Most Americans Fear Social Security Benefits Will Expire in Their Lifetimes

Adult man with piggy bank.
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Social Security has provided financial protection for Americans for over 80 years; however, a majority of Americans worry that benefits will run out in their lifetimes. Those fears have intensified as a result of the coronavirus pandemic.

See: 5 Things Most Americans Don’t Know About Social Security
Find: Most Americans Say They Won’t Wait Until 70 to Claim Social Security Benefits, According to Latest Survey

According to a new survey by Nationwide, 71% of adults feel that way. Seven in 10 U.S. adults ages 25 and older worry that benefits will run dry in their lifetimes, as previously reported by GOBankingRates. These worries were the highest among Gen Xers at 83%, millennials at 77% and 61% of baby boomers. Meanwhile, 47% of millennials said they believe that “they will not get a dime of the Social Security benefits they have earned.”

Many Americans (59%) said they feel more discouraged since the onset of the pandemic, reports CNBC and an additional 19% said the pandemic has motivated them to reconsider plans for claiming benefits. At the same time, 11% plan to delay filing and 9% plan to claim earlier.

Social Security is funded through a dedicated payroll tax where employers and employees each pay a percentage (6.2%) of wages up to the taxable maximum. Self-employed individuals must the full percentage (12.4%) of earned wages. The last projection by the Social Security Administration suggested that those funds could run out by 2035, when 79% of promised benefits would be payable, reports CNBC. This projection did not take the effects of the pandemic into account.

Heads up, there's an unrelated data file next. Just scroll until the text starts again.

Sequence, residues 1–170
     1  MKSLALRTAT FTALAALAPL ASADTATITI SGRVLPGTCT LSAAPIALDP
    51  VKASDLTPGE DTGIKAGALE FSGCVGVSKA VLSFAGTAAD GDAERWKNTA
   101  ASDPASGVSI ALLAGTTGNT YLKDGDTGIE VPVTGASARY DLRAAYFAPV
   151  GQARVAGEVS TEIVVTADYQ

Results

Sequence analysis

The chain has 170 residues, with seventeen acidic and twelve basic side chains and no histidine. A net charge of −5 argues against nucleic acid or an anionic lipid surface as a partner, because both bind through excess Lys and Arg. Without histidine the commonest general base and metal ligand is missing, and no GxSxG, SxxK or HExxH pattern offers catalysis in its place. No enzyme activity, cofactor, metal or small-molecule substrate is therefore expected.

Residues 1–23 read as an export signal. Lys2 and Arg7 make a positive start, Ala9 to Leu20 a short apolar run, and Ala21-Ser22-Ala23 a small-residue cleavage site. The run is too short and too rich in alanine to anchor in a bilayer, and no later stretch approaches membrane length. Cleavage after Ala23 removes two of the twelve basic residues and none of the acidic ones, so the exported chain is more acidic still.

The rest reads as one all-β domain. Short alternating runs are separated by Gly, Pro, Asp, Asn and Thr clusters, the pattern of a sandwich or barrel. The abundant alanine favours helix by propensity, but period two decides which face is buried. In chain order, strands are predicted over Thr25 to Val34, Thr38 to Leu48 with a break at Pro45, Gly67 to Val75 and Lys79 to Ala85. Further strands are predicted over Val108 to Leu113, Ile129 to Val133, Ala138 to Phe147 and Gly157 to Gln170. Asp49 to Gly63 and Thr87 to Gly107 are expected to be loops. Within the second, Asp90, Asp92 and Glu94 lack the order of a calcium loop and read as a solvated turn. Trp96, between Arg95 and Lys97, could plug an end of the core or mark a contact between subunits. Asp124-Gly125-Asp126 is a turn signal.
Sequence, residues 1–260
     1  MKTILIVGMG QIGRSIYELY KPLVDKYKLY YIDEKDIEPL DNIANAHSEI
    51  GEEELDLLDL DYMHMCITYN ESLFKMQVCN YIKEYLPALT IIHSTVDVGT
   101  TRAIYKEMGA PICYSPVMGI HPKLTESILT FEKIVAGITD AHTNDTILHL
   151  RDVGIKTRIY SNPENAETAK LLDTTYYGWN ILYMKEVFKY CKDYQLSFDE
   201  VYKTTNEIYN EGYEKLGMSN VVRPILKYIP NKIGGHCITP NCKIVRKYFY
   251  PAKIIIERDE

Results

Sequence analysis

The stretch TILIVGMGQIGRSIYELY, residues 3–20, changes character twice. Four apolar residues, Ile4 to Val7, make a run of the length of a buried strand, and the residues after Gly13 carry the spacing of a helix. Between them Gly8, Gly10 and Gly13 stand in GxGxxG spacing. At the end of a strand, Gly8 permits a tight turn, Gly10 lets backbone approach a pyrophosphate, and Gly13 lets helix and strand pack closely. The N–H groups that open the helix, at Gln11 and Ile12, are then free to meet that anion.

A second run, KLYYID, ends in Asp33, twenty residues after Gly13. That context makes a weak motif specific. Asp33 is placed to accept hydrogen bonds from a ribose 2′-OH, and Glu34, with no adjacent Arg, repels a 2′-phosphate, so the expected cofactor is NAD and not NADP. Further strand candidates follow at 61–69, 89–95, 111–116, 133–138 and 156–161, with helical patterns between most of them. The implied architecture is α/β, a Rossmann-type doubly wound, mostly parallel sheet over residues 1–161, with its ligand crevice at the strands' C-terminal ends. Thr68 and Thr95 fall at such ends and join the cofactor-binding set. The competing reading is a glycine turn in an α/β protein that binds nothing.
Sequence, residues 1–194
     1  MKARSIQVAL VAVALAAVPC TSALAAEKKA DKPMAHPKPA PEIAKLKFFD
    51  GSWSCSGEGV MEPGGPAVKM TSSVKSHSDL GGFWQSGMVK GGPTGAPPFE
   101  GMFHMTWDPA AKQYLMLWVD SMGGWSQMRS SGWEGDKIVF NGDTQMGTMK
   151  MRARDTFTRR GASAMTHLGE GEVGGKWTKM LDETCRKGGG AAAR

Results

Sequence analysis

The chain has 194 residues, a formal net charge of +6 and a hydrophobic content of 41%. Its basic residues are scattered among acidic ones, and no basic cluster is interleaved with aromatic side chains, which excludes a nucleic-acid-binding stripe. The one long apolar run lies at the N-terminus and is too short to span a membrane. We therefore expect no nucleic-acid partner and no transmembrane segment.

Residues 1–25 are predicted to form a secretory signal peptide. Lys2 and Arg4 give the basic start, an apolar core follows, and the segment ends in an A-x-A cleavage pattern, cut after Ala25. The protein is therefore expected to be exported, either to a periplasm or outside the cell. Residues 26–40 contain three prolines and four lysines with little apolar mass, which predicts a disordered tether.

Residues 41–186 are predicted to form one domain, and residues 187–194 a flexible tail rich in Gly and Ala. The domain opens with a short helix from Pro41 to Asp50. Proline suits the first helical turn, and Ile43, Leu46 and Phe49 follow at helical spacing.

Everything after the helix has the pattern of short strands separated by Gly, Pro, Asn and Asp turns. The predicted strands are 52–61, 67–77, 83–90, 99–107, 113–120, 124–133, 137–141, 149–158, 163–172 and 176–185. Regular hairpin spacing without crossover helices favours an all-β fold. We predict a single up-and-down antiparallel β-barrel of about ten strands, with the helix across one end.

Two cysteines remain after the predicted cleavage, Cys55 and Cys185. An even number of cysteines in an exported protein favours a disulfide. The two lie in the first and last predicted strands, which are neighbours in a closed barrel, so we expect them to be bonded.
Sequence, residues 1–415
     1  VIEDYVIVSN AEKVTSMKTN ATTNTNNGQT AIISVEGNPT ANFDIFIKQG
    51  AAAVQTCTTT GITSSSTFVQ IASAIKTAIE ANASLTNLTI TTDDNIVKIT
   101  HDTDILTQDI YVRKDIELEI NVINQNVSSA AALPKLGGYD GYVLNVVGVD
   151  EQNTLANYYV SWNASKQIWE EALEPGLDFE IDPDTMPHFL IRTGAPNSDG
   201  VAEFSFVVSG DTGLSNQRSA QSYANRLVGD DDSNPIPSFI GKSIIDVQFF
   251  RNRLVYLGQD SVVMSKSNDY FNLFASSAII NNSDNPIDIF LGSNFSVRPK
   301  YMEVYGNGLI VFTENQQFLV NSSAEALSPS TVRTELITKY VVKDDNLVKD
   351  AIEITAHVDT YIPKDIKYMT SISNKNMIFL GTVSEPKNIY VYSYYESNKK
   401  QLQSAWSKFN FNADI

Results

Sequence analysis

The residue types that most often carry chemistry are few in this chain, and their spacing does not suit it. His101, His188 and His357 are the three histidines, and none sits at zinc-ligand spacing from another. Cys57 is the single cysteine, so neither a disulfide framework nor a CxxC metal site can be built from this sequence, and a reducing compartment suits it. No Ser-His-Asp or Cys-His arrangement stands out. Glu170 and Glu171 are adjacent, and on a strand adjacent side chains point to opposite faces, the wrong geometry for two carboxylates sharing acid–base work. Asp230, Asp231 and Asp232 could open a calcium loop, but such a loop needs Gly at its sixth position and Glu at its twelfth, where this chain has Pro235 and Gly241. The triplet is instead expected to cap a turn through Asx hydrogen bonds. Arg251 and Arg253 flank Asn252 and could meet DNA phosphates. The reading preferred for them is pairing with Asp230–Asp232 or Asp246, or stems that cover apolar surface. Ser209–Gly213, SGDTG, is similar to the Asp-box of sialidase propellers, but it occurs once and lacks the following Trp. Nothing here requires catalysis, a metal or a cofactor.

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See: When Social Security Runs Out: What the Program Will Look Like in 2035
Find: 17 Tips To Live Comfortably Off Just a Social Security Check

“The likelihood of it going to zero is as close to zero as you can get,” said Joe Elsasser, founder and president of Covisum, a Social Security claiming company, reports CNBC. He also noted benefit cuts would be less than 25% if they happen at all.

Covisum recently released an online tool showing how Social Security benefit cuts could impact retirement income, as previously reported by GOBankingRates.

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About the Author

Josephine Nesbit is a freelance writer specializing in real estate and personal finance. She grew up in New England but is now based out of Ohio where she attended The Ohio State University and lives with her two toddlers and fiancé. Her work has appeared in print and online publications such as Fox Business and Scotsman Guide.
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